Donatello, San Giovanni Battista di casa Martelli (1442 circa; marmo, 165 x 46,5 x 36 cm; Firenze, Museo Nazionale del Bargello, inv. Sculture 435)
Donatello, Saint John the Baptist of the Martelli household (c. 1442; marble, 165 x 46.5 x 36 cm; Florence, Museo Nazionale del Bargello, inv. Sculpture 435)
Andrea Mantegna, Madonna col Bambino (1490-1495 circa; tempera magra su tela 45,2 x 35,5 cm; Milano, Museo Poldi Pezzoli, inv. 1595)
Andrea Mantegna, Madonna and Child (c. 1490-1495; lean tempera on canvas 45.2 x 35.5 cm; Milan, Museo Poldi Pezzoli, inv. 1595)
Giovanni Bellini, Imago Pietatis (1456 circa; tempera (?) su tavola, 63,4 x 48,5 cm; Venezia, Fondazione Musei Civici di Venezia, Museo Correr, inv. C1. I 39) 2021 © Archivio Fotografico - Fondazione Musei Civici di Venezia
Giovanni Bellini, Imago Pietatis (c. 1456; tempera (?) on panel, 63.4 x 48.5 cm; Venice, Fondazione Musei Civici di Venezia, Museo Correr, inv. C1. I 39) 2021 © Archivio Fotografico - Fondazione Musei Civici di Venezia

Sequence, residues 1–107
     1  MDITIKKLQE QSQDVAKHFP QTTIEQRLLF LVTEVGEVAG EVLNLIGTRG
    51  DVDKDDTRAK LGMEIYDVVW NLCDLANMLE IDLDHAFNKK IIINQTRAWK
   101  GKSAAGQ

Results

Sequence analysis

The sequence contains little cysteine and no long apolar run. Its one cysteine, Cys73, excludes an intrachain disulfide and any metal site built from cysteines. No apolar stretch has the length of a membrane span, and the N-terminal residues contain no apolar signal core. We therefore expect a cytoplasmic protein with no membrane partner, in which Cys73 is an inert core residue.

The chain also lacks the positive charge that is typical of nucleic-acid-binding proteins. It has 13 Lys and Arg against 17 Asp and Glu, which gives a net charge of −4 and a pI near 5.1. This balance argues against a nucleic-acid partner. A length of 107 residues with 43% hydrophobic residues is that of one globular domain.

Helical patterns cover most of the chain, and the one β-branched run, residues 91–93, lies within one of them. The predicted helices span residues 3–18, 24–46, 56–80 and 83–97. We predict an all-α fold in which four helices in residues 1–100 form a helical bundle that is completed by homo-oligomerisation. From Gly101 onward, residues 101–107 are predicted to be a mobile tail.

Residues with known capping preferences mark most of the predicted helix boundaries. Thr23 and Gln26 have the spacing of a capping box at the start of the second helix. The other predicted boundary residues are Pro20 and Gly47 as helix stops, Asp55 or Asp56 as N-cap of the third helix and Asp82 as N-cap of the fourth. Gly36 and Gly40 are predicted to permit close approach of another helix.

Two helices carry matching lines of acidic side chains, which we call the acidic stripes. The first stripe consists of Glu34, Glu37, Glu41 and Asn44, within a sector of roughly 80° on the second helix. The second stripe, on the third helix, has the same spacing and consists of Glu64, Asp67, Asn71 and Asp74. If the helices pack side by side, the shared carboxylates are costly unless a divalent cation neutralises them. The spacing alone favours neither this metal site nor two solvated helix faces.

Donatello, Miracolo della mula (1446-1449 circa; bronzo parzialmente dorato, 57 x 123 cm; Padova, Basilica di Sant’Antonio, Altare del Santo Foto di Nicola Bianchi /Archivio Fotografico Messaggero di sant’Antonio)
Donatello, Miracle of the Mule (c. 1446-1449; partially gilded bronze, 57 x 123 cm; Padua, Basilica of St. Anthony, Altar of the Saint Photo by Nicola Bianchi /Photographic Archive Messaggero di sant’Antonio)
Donatello, San Giovanni Battista (1455 circa - 1457; bronzo, altezza 185 cm; Siena, Cattedrale, Cappella del Battista)
Donatello, Saint John the Baptist (c. 1455 - 1457; bronze, height 185 cm; Siena, Cathedral, Chapel of the Baptist)